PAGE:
Are flower fairies real? Yes they are according to my young daughter and many other children of the 21st century. Especially the flower fairies painted by British illustrator Cicely Mary Barker. Ninety years after her first fairies made their appearance in the Flower Fairies of the Spring they are still flying through gardens and amongst trees and off our bookshelves.
My daughter this week ignored all the books on the central display in the children’s section of a large bookstore except one: Flower Fairies Magical Doors. Recognizing the smiling innocent faces on its cover she seized it and clutched it tightly to her.
Cicely Mary Barker may have been born 118 years ago in 1895, and died in 1973, but her flower fairies are still alive and capturing children’s imaginations. She published seven flower fairy books between 1923 and 1948 containing verses and detailed drawings depicting fairies and flowers. In 1985 an eighth book – Flower Fairies of the Winter – was published posthumously.
Flower Fairies Magical Doors is a story of two best friends – Evie and Grace – who keep finding doors which when opened give glimpses of disappearing fairies before the doors themselves vanish. In the final scene there is a large intricately cut and detailed fairy ball pop-up. The book is subtitled ‘Discover the Doors of Fairyopolis.’ It’s a simple storyline with flaps that keep kids hooked and which cleverly make many of the fairies disappear when you open them.
The beauty of this 2009 book is Cicely Mary Barker’s illustrations. They are her flower fairies and not another illustrator’s modern interpretation. The flowers are also hers. But their original botanical landscapes have been rearranged. Shirley poppy flowers are next to her Sweet Pea fairies originally from Flower Fairies of the Garden. The silver birch fairy from Flower Fairies of the Trees makes an appearance with different wings. The sycamore fairy is seated on an apple tree branch.
Cecily Mary Barker made sure her botanical drawings were completely accurate and finely detailed. She even collaborated with the staff of Kew Gardens in her search for plant specimens.
Were flower fairies real to Cicely?
In the foreword of her seventh book published in 1948 – Flower Fairies of the Wayside – she wrote, “I have drawn all the plants and flowers very carefully, from real ones…But I have never seen a fairy; the fairies and all about them are just ‘pretend.’”
The first series of Flower Fairies books came out in the 1920s during a time when many adults wondered if fairies really were real. Amongst them was Sir Arthur Conan Doyle, author of Sherlock Holmes as well as The Coming of the Fairies in 1922.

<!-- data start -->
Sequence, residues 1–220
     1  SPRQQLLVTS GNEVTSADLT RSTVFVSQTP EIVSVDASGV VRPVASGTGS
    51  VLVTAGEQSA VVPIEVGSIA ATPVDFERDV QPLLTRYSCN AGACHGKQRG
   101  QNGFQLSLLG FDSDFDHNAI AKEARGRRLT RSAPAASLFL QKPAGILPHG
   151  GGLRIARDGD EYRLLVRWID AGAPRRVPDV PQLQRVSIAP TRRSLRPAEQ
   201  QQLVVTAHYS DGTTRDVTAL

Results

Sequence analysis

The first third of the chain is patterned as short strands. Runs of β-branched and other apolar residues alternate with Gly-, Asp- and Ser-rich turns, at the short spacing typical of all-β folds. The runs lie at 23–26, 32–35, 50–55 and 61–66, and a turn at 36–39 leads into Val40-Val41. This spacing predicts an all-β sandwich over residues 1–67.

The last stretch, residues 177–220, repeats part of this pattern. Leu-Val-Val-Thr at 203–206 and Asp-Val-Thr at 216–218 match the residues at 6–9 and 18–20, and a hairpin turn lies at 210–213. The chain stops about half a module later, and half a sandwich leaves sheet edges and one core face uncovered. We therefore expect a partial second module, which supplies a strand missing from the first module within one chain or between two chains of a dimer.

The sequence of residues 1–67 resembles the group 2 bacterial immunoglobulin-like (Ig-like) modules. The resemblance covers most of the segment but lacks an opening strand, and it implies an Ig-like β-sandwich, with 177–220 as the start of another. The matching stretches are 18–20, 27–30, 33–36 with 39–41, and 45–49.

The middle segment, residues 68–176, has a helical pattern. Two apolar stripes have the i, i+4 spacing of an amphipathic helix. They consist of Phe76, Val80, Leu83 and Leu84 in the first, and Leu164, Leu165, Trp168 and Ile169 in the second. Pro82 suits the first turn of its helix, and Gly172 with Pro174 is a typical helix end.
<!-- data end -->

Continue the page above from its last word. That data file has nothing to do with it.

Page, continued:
Were the Cottingley fairies real?
In 1917 two sisters claimed they had taken photographs of real fairies in their garden in the village of Cottingley in West Yorkshire, England. Two more of the famous Cottingley fairies photographs were released to the public in an article by Doyle in 1920. The first flower fairies book by Cicely Mary Barker was published in 1923. Whether people believed in fairies or not they were all the rage. Even Britain’s Queen Mary at the time was a big fan of fairy art. Cicely’s fantasy images of innocence also touched a chord with the war-weary society of the 1920s.
But the illustrator was also influenced in her watercolor and pen paintings of fairies by the Victorian Pre-Raphaelite artists and their followers such as John Everett Millais, Edward Burne-Jones and Dante Gabriel Rossetti. Like them she believed in accurate and detailed depictions of nature.
William Morris, the designer famous for his wallpapers and the Arts and Crafts movement, was also associated with the Pre-Raphaelites. I could have felt cynical about Flower Fairies Magical Doors being just a merchandising gimmick, but I was delighted by the opening two page spread. The scene showed the interior of a room with fairies hiding amongst the flowers of what looked like William Morris wallpaper.
Cicely Mary Barker was also known to be a great admirer of children’s illustrator Kate Greenaway (1846-1901). Greenaway’s depictions of children in old fashioned costumes also had an effect on the Arts and Crafts movement.
In 1923 Cicely Mary Barker was paid £25 by the publishers Blackie & Son for her book Flower Fairies of the Spring with its 24 illustrations and verses. In 1902 publishers Frederick Warne published the first Beatrix Potter book. In 1983 Penguin Books acquired Frederick Warne. In 1989 Frederick Warne under the Penguin umbrella acquired the rights to Cicely Mary Barker’s Flower Fairy books. (I hope you followed that trail of publishers!) Since then, these classic books have been reintroduced to the children of the late 20th and early 21st centuries.
I’ve recommended a complete volume of Cicely Mary Barker’s Flower Fairy books in a post on flower ideas for children.
Flower Fairies Magical Doors might be a spin-off but it reintroduces the magical world of these child fairies to a new generation. While my son only believes in the tooth fairy, my daughter was entranced by the fantastical and detailed illusions in the book and is even more convinced now that fairies are real.